1. bbmoney

      Meh….they’ll probably win more games this year. And it’s not like they’re going to score a ton of runs, so most their wins will probably be close. So I think there will be a decent number of save chances out there for someone.

    2. Cooper

      And as any fantasy baseball addict will tell you, even the worst teams generate saves.

      1. Cubbie Blues

        Yeah, it was supposed to be a joke. maybe next time I’ll throw up a :D

        1. Danny Ballgame

          That would be perfect

  3. Kirbs414

    Hey Brett – I know that players traded midseason are not tied to draft compensation, but what about players traded during spring training? Because if Marmol is tied to that compensation, couldn’t you argue his value would actually be higher midseason when he isn’t even though he is just a second half pick-up? Just wondering about the rule on that.

    1. cubfanincardinalland

      A team would have to offer Marmol a one year deal at around 13-14 million for next season to get compensation. That would be a little high in my opinion.

      1. JulioZuleta

        It’s definitely high, but it’s a possibility if everything goes right. Marmol could be forced to decide between 1 year/$13 or 3 years/$26 or something like that. It could feasibly come in to play. Maayyybbeeee ups his March trade value incrementally.

    2. Stinky Pete

      I believe the cutoff is opening day. Players traded during ST are still tied to compensation.

  4. abe

    brett,

    do you think he will have more value at the deadline (if he is pitching well) then he does now?

    1. Kirbs414

      Hahaha, great minds think alike.

    2. Edwin

      Players generally have less value at the deadline due to there being less games left in the season, especially for “rented” players. I’d think Marmol would have less value at the deadline than at the start of the season.

      Still, there’s always the chance that a team might become desperate, and overvalue a player at deadline, but this probably happens less often than people think.

      If the Cubs can find a deal for Marmol now that they like, I think they’re better off taking that deal now instead of trying to wait and get a better deal later.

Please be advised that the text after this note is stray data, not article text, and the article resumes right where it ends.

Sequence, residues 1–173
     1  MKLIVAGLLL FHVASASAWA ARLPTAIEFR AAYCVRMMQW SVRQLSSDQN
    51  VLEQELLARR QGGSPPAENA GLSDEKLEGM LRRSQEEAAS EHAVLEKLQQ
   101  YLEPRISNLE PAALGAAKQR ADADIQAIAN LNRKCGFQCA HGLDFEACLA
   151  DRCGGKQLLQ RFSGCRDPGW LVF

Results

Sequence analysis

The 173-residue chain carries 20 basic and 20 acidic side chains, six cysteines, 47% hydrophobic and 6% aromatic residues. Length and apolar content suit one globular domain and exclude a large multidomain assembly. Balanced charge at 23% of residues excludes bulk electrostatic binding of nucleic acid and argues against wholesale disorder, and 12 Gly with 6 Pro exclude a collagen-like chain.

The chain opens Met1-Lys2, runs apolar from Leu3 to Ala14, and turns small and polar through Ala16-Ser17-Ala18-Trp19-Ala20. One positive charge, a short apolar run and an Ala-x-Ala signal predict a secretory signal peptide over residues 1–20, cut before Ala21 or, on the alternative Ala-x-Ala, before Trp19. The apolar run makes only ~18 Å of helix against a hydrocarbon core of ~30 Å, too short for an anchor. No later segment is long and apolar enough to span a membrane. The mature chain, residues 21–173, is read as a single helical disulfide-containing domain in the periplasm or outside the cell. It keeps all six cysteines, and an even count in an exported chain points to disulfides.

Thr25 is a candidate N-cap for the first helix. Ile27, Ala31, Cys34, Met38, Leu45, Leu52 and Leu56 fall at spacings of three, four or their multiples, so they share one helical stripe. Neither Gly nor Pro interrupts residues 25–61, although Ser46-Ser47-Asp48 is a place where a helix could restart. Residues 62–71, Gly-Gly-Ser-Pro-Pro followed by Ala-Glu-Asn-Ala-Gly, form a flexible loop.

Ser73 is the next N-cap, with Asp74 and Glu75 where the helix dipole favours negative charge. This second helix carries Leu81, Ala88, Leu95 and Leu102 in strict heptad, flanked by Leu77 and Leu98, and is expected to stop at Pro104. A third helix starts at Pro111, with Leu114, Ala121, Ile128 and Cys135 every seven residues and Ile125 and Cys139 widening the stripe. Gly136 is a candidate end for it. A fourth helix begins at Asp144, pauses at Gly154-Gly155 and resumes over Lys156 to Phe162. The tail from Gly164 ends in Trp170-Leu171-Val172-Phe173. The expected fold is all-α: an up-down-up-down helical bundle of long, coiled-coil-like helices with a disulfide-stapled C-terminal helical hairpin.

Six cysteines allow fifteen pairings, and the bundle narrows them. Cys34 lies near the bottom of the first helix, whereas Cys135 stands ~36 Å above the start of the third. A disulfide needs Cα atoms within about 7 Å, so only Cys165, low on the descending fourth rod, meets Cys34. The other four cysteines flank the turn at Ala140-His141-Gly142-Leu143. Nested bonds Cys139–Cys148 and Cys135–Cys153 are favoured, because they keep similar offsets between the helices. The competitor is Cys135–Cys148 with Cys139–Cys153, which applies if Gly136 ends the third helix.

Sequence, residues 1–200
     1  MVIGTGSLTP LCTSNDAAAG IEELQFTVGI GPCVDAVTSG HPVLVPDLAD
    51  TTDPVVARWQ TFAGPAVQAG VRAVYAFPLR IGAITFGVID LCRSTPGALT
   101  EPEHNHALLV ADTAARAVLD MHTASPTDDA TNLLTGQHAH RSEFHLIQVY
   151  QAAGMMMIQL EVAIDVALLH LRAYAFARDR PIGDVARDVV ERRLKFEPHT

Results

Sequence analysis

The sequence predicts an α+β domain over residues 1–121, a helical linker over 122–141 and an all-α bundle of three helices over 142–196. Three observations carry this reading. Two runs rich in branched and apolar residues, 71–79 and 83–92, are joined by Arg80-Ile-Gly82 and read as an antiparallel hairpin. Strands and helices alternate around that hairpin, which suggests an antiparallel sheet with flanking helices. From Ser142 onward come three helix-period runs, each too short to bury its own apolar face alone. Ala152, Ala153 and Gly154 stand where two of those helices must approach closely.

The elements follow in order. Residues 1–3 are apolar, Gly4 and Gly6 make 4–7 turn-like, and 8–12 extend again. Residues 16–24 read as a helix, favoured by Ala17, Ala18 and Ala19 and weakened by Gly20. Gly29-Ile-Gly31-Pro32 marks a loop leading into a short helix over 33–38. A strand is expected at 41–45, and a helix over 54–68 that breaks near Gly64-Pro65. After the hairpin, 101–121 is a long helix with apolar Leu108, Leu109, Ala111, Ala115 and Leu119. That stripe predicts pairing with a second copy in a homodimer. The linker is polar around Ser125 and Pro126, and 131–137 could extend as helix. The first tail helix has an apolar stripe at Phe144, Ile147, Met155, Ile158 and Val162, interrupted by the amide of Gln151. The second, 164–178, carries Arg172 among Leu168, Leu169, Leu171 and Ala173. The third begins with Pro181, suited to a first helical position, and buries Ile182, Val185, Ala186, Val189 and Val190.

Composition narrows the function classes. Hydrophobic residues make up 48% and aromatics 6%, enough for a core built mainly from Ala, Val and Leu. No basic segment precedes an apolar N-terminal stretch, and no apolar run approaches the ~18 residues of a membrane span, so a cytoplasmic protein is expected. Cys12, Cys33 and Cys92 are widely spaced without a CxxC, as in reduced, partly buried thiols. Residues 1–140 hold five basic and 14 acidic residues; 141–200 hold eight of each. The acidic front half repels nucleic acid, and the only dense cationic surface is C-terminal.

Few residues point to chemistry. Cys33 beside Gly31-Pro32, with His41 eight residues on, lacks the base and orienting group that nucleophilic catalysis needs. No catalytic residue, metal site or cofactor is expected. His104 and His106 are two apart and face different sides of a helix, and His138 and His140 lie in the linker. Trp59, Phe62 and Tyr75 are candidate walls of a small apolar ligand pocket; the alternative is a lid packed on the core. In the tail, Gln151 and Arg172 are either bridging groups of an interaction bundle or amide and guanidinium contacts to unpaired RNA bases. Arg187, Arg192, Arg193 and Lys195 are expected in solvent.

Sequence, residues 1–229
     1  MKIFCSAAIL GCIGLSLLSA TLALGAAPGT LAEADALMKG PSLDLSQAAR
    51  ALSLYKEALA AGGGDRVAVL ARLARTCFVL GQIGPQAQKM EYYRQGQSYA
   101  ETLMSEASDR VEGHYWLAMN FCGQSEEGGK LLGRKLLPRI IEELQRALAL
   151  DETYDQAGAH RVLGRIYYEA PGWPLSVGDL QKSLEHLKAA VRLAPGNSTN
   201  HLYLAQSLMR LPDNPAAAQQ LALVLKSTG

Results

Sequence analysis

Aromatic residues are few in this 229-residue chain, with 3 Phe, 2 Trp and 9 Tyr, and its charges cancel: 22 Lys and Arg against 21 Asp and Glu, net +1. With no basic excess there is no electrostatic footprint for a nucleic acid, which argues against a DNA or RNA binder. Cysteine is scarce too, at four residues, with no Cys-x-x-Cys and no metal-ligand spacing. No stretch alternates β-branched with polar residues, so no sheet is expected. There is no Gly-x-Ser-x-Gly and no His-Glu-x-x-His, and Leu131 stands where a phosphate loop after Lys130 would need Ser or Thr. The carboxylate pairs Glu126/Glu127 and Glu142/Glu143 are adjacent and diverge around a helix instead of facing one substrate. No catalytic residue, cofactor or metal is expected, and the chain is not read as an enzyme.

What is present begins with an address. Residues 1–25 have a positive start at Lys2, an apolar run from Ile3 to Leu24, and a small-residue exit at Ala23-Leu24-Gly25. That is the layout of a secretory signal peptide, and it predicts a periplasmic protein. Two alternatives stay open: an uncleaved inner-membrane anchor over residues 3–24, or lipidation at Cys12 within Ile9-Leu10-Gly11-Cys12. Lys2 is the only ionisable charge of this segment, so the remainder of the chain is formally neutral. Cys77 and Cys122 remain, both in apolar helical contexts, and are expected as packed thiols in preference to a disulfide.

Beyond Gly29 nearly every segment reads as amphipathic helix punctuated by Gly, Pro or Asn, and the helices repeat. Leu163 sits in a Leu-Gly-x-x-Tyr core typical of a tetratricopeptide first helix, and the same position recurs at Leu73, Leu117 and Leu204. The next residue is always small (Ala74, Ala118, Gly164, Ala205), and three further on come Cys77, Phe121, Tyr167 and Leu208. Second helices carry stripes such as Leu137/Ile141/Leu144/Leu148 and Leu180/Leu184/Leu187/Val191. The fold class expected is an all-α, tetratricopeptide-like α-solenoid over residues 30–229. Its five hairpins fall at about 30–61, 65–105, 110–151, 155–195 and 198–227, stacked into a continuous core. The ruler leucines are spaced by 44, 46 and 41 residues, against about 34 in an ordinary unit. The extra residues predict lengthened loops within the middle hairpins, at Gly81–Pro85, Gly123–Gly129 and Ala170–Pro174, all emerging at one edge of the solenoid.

5. cubfanincardinalland

    I don’t think Bosio gets enough credit for what he did with Marmol last season. Marmol was beyond bad the first two months. The last two months of the season, he was as good as any closer in baseball.

    1. Adventurecizin' Justin

      Totally agree! His fastball seemed to have some extra giddyup and he was throwing strikes. His stuff is nasty…maybe he has harnessed it?!

      If he comes out pitching like the end of last year, the Cubbies could net a nifty return.

      1. TonyP

        If he comes out pitching like the end of last year, why not extend him for a 2-3 years. He is filthy when he is on…..

  6. cubchymyst

    I really don’t like the line from marmol “…it is hard to think if you are going to somewhere else to pitch or not.” I hope when he is out there pitching his head is in the right place and wondering if it will be his last time pitching for the Cubs.

  7. DPRagen

    I’m sure Marmol is a nice fellow. The problem is he can’t pitch. The solution is simple. Bite the bullet and release him. How could anyone who has seen him work possibly want him on their team? I don’t wish to be harsh but release him now before he ruins whatever hopes the Cubs have for the season!

    1. Cubbie Blues

      R U 4 reelz wit dis?

    2. Hookers or Cake

      Yeah we should trade him for that Honus Wagner fella!

      1. Justen

        ^ Hookers.

        1. Hookers or Cake

          Thank you for voting

    3. TonyP

      DPR that is the most asinine comment ever made on BN….